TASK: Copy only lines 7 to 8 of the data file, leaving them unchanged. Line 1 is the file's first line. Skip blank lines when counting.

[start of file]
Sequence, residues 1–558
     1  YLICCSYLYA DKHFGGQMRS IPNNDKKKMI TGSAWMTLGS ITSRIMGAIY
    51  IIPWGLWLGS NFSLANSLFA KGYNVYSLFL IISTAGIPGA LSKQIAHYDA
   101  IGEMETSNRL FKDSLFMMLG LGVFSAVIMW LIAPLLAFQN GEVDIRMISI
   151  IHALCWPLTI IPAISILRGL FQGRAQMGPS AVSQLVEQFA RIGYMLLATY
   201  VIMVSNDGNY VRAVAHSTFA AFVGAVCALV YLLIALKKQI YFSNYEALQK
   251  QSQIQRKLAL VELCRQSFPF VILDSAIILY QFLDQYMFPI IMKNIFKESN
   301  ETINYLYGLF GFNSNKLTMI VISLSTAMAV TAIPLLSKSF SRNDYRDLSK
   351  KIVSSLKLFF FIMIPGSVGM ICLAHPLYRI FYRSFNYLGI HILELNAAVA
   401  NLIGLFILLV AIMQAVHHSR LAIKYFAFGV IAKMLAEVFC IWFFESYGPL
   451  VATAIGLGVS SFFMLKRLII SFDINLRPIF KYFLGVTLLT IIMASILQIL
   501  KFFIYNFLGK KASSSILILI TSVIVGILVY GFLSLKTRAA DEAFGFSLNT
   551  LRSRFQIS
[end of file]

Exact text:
   251  QSQIQRKLAL VELCRQSFPF VILDSAIILY QFLDQYMFPI IMKNIFKESN
   301  ETINYLYGLF GFNSNKLTMI VISLSTAMAV TAIPLLSKSF SRNDYRDLSK